Hi Kepnutz and Stringy (and others),
Thanks for your kind replies. I always enjoyed reading the contributions of the both of you! To be honest: I'm not a skilled craftsman, so all my mods are low tech. The positive: most people will be able to make them!
Soyjer mentioned once on this forum he made a jib of shower curtain and ductape, so when I read that I thought: that I should be able to do as well. So Kepnutz: the holes in the foot of the jib are meant to hang the curtain!
The fact that I wanted it to be a furling jib made the "jib job" a bit more complicated. But the solution I chose is low tech. I sticked/adhered the jib to a 5/8 inch pvc tube. Through the tube I run my forestay (this rolls very easy). The tube/jib combination simply leans on a few rings supported by a knot in the forestay.
Since I normally have to raise and lower my sailing rig on the water (for I paddle/pedal to the lake where I sail under bridges etc.), a long relatively stiff pvc tube wouldn't be very practical. So I used a stiff tube for the lower two thirds, and a flexible for the upper third and ductaped it together. The flexible part enables me to easily connect the halyard to the top of the jib (forestay).
I wanted the halyard to be a loop, to prevent having even more lines in my cockpit. To the loop I connected a short line with a bowline knot that fits on the cleat that holds the main sail down.
Because the length of this "halyard system" is adjusted right, I've no loose lines from that.
Thightening the forestay is done by tightening both side stays. Therefore I use "thightening band" (don't now the english name, see the pic) on which I connect the stays with karabiners.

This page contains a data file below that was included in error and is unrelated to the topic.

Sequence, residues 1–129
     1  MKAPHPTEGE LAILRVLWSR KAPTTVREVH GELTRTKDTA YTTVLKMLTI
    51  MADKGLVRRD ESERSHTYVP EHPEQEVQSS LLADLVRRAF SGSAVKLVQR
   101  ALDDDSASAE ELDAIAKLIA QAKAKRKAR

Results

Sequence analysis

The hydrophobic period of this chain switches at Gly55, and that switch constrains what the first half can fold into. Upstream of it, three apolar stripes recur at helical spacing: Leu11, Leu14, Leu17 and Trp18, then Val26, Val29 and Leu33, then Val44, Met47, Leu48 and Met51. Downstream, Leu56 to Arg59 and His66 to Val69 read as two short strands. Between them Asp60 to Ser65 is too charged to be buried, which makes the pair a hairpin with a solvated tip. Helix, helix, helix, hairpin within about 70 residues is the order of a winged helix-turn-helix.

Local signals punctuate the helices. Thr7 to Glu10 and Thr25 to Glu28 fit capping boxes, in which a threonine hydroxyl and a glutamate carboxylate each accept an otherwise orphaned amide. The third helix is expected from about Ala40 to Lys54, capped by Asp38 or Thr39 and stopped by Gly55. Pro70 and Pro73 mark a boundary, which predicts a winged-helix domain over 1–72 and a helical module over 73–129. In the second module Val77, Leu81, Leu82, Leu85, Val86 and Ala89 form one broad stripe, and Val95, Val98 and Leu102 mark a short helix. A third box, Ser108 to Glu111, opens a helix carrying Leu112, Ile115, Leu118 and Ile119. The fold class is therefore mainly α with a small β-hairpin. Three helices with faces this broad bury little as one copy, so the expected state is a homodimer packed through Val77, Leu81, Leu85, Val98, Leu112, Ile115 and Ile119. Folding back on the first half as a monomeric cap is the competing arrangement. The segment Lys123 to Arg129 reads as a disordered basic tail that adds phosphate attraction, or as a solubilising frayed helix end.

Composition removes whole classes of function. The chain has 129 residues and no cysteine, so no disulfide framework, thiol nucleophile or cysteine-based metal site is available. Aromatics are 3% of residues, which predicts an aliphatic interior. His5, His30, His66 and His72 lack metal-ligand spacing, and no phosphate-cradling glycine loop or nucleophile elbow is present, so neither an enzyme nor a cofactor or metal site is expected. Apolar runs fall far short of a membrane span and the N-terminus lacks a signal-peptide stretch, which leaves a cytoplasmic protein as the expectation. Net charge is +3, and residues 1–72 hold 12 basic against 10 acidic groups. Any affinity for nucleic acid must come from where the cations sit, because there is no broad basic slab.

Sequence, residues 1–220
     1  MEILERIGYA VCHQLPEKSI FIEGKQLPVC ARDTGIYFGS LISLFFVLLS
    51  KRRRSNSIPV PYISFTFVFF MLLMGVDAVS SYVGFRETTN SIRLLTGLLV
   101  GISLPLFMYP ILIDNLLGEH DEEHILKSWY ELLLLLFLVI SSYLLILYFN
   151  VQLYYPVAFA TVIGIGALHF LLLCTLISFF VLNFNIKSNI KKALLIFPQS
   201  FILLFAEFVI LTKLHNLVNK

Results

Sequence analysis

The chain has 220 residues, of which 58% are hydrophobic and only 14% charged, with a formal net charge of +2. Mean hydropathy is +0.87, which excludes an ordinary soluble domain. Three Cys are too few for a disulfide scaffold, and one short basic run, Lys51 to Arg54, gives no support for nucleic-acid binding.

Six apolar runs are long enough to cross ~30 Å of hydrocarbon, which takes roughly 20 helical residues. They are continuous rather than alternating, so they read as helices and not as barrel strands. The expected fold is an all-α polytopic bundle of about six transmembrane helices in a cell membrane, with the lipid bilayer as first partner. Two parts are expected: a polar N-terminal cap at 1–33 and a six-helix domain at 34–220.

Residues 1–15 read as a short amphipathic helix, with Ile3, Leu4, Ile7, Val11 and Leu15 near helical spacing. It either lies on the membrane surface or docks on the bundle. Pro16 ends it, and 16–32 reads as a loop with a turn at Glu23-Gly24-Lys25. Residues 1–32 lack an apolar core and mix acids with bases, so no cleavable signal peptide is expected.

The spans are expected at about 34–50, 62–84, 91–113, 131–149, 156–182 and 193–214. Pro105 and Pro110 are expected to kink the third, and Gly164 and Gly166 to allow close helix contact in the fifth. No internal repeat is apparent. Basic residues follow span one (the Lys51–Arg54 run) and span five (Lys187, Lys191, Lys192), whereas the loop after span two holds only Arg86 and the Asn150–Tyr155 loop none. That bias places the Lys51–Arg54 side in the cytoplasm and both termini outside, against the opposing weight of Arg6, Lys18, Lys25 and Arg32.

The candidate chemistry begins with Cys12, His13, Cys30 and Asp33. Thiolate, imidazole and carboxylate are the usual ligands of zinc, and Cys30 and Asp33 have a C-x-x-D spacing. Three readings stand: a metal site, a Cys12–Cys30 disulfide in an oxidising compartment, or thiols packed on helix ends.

About the reef "system" again: I made a small hole in the pvc tube to connect the reef line, which runs through a shackle (that is connected to the front cam bolt knob to adjust its height) and then runs trough a cleat. It works great: the jib can be reefed to any size very quickly. In fact, it works so smooth that I like to reef a little with each tack (less noisy and sheets don't get stuck).
The shape of the jib is far from perfect though (it was hard to stick it straight to the bent flexible part of the tube). And it will not last forever (but it lives for 8 months already), for it is completely ductaped!
Because the curtain material felt week, I thought that it would be smart to fold the curtain so that it is double, but that was a mistake. I tried to furl a balloon
! I had to make an opening to be able to release the air caught within the jib! Luckily that helped, you hardly see it, so it no longer bothers me really.
Stingy, the boom is also pvc tube. A 3/4" with a 5/8" in it and a bamboo in the 5/8" tube to stiffen it a little(learned the bamboo trick on these forums!). It is very light, when it hits your head, you don't go overboard
. It really helps downwind performance, just like the boombattens. It is connected to the sail with a karabiner. I fold it right up along the mast if I want to furl the sail (so it is not a loose thing you can forget or lose). Probably a boombatten is even better for sailing performance, but it works so I guess I stick to it. (If I have the time I will make photo's and post it to the boombatten thread.)
About the weights to balance the oasis when soloing:
I made 3 weights (each between 6,5 and 8 kg). It is mainly sand in two stronger trash bags, rolled in a carpet tile (I guess 30x30cm), strongly ductaped together. Makes for a heavy black cylinder of 30cm long, of which there fit three in the front hatch
(If I have the time I will make photo's and post it to the oasis balance thread.) When there is chop/waves, I add a dry bag filled with water to minimize hull slap (after your idea!)
I hope the above helps to explain the rig a little.
I was able to go out today
. Good conditions for my jib: mostly bft 2 to 3, not too gusty: so I could cleat my sails end experiment a little:
I love this yakyacht!
Besides: I get that advertisement message below my photo's. What am I doing wrong?